We often talk about “innovation” in regards to the films we choose to highlight on this site, and while that is often taken to mean new formal techniques or previously unexplored subjects, importantly it can also mean taking familiar ideas and remixing or recontextualizing them within new viewpoints. A fresh and exciting take on the extremely well-trod vampire mythos, Nikyatu Jusu’s acclaimed short film Suicide by Sunlight is a fine example of this latter approach, blending a host of diverse inspirations from the genre into something uniquely vibrant for the current moment.
The jumping-off point for Jusu and her co-writer, Robin Shanea Williams, is to imagine race as a pertinent aspect to vampirism, which both challenges traditional Eurocentric depictions, as well as providing a fascinating frame for a whole range of meaty subtextual readings. Inverting blackness away from being a marker of marginalization towards a quality that confers an advantage for vampires when integrating with “normal” society is at once a simple hook, but also rich in thematic potential, and Jusu does not hesitate to dive deeply into the implications, parallels and lingering limitations of the premise within this 17min short—designed as a proof-of-concept for a proposed television series. While the enormous success of Jordan Peele (Get Out, Us) has proven an appetite for smart horror/fantasy with a social conscience, genre fans wary of high-brow incursions into the form have nothing to fear—Jusu does not forget to dish out a healthy serving of blood and sex in order to satisfy our baser desires.
Set in a contemporary New York City where vampirism is an acknowledged condition by society, the film focuses on Valentina, a vampire who is granted, by the melanin in her skin, the ability to endure sunlight. With this freedom Valentina is better able to blend into normal society, working as a pediatric nurse at a hospital during the day while at night she is free to pursue her carnal nature. This duality to her character, as both a caretaker and a violent predator, is a fascinating contradiction and directly bleeds into an even greater division of personality—between a vampire and a mother.
Valentina has reason to restrain herself in her night-time hunting—two daughters, from whom she is forcibly estranged from by their father. He is willing to keep her secret from society at large but wants his daughters kept far away from his mother’s unnatural influence unless she is able to exhibit control of it.
For superficial reasons it is easy to compare Suicide by Sunlight with Blade, the Marvel Universe vampire character that similarly possesses the ability to “daywalk” and which, via a successful 90’s film franchise, was the entertainment giant’s most notable black character for many years. Yet the similarities quickly end as Valentina’s conflict takes her in a more psychologically complex direction. Blade is a loner and a one of one. Valentina’s status as a member of a community and the social implications of her status as a vampire lead the film away from action/adventure and into the more charged terrain of identity and the historical legacy of marginalized peoples.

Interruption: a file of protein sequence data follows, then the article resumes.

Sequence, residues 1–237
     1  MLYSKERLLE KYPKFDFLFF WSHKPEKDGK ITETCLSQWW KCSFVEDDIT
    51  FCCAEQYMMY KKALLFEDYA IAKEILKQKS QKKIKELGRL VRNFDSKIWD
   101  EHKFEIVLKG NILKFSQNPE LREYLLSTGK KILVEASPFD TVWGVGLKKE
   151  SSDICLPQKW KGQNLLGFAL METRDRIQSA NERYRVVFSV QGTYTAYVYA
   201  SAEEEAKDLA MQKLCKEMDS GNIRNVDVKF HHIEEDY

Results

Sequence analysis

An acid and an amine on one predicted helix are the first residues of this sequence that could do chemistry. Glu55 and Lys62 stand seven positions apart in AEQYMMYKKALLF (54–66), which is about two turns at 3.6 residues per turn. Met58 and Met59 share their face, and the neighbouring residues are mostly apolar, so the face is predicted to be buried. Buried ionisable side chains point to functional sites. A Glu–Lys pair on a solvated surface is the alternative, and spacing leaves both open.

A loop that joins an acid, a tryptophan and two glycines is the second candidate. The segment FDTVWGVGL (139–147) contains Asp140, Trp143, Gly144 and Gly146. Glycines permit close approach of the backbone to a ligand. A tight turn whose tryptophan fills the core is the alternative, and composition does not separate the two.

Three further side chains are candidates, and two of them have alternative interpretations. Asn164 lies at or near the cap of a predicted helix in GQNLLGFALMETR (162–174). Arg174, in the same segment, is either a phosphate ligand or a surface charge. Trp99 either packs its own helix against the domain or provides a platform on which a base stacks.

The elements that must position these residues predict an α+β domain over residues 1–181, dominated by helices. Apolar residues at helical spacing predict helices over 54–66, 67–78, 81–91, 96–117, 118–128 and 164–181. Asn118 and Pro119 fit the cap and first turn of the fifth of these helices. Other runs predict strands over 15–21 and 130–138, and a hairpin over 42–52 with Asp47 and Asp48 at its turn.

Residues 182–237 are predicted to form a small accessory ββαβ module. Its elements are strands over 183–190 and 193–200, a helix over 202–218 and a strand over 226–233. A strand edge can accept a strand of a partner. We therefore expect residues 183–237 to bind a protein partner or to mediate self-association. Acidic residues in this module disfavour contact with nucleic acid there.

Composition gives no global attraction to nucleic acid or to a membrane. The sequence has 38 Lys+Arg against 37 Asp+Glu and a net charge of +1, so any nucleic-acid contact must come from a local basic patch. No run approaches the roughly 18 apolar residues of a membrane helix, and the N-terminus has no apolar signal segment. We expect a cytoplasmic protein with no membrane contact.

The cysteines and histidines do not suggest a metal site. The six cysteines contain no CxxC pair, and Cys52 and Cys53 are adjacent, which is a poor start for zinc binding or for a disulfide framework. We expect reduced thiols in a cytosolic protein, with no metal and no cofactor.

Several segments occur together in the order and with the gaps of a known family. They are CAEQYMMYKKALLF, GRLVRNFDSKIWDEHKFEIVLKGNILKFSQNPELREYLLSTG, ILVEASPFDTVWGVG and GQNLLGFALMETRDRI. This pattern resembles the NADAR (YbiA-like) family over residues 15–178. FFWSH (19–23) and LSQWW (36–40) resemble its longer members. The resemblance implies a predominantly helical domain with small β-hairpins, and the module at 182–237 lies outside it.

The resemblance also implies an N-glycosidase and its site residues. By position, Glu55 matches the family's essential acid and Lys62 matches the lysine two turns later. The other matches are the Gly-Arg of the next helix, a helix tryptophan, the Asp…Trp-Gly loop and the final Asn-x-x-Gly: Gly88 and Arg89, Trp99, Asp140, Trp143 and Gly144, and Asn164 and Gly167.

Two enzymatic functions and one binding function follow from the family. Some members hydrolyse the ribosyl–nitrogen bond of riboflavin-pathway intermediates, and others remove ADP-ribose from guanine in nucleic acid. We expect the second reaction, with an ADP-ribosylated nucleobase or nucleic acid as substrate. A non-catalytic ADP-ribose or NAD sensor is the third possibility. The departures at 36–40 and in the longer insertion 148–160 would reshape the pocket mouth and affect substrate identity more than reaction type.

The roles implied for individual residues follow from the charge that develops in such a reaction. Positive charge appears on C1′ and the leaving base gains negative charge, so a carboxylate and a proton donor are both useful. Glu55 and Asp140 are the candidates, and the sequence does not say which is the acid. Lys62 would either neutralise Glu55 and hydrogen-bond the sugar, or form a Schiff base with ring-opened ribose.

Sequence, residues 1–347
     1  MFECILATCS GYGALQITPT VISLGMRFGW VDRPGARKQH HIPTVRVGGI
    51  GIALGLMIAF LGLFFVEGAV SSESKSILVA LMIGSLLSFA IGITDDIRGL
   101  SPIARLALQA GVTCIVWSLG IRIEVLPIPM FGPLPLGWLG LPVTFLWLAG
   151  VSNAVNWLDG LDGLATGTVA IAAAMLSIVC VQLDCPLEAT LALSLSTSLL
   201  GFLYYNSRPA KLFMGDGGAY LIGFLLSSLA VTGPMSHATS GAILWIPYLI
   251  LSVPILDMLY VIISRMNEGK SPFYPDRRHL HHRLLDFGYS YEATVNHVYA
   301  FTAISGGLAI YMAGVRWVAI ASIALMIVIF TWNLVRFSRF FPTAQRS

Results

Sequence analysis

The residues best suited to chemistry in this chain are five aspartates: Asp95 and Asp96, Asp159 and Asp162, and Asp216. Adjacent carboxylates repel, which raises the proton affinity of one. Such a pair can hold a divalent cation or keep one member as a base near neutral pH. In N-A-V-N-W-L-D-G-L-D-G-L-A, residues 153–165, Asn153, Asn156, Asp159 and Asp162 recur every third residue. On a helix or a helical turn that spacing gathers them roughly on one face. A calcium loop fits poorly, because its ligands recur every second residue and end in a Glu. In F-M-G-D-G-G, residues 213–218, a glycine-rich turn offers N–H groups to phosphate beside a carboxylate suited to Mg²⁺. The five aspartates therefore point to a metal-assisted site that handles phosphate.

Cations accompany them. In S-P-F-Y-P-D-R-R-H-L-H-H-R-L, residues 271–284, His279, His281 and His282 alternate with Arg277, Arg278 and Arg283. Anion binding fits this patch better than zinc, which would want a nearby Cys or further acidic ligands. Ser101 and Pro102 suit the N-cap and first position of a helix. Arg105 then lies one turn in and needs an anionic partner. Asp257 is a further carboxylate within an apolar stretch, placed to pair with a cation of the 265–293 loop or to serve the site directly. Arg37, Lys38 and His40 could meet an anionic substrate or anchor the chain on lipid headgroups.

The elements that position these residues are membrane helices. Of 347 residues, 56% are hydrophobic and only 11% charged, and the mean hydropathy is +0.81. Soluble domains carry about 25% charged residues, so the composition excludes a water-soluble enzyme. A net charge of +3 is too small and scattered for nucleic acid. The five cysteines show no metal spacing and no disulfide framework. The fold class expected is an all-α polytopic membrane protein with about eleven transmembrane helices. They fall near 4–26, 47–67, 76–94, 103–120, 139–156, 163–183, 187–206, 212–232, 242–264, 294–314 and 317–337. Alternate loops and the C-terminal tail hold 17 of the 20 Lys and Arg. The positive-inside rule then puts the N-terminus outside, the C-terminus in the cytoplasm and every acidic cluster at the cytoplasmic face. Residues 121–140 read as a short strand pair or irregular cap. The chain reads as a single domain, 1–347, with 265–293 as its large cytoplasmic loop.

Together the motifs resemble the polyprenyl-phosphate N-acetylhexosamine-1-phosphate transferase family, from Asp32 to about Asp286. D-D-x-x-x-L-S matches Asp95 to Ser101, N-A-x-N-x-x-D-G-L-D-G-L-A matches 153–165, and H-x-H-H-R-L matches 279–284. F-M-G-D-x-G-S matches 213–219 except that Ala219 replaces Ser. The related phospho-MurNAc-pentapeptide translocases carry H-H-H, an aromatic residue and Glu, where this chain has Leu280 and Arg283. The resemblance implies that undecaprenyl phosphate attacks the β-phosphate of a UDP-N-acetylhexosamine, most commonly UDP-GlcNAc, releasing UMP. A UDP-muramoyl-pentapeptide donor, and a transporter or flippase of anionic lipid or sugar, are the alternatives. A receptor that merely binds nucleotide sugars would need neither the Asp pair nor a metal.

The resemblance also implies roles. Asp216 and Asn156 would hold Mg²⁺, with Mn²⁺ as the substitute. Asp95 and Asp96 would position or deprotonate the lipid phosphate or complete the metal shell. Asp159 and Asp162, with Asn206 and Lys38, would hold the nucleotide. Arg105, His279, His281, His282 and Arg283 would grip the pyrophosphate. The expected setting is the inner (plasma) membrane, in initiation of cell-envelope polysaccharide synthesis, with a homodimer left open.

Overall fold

While Valentina, as a vampire, benefits from her blackness, she is no less made an “other” because of it. This leads to a self-loathing that manifests in her purging after she feasts. Vampirism adopts the status of race, as she is made to feel alienated towards her own nature in a way sure to be familiar to minorities everywhere. The punishment meted out to her in the form of her children being taken away and the raw power exerted over her through this separation is the engine of the film’s conflict and it makes Valentina a sympathetic figure. These family drama elements are as gripping as any of the more fantastical elements of the story, yet, what could be a straightforward tale of Valentina fighting her own discrimination and coming into self-possession of her own power is simultaneously complicated by these fantastical elements, leaving the viewer with a deliciously conflicted queasiness over the prospect of her triumph.
Storytellers of this level rarely emerge from nowhere and Jusu is no exception, with a healthy track record that now has her poised for big things. A graduate of NYU’s Tisch MFA program, prior short films African Booty Scratcher and Flowers were festival hits, eventually being distributed via HBO, and she has been the recipient of major awards such as the Spike Lee Fellowship, and a Princess Grace Grant. Intent on developing her first work in a longer format, Jusu thought she was done with short films until a unique opportunity came along, the Tribeca/Chanel Through Her Lens program, which Suicide by Sunlight won in 2017. Accompanied by a large grant, Jusu set out to make this short as a teaser for a TV pitch she had ready to go. Premiering at the 2019 Sundance Film Festival, the short instantly caused a sensation and Jusu acquired representation via the Paradigm Talent Agency shortly thereafter. A healthy festival run followed which included stops at Blackstar and BFI London. Since then Jusu has started developing her debut feature film, Nanny, and took part in the 2020 Sundance Screenwriter’s Lab alongside S/W alums Charlotte Wells and Laura Moss. Despite the traction for Nanny, we have our fingers crossed for good news regarding Suicide by Sunlight, as a world and a premise this rich feels like a no-brainer for some ambitious platform to greenlight. Make it happen!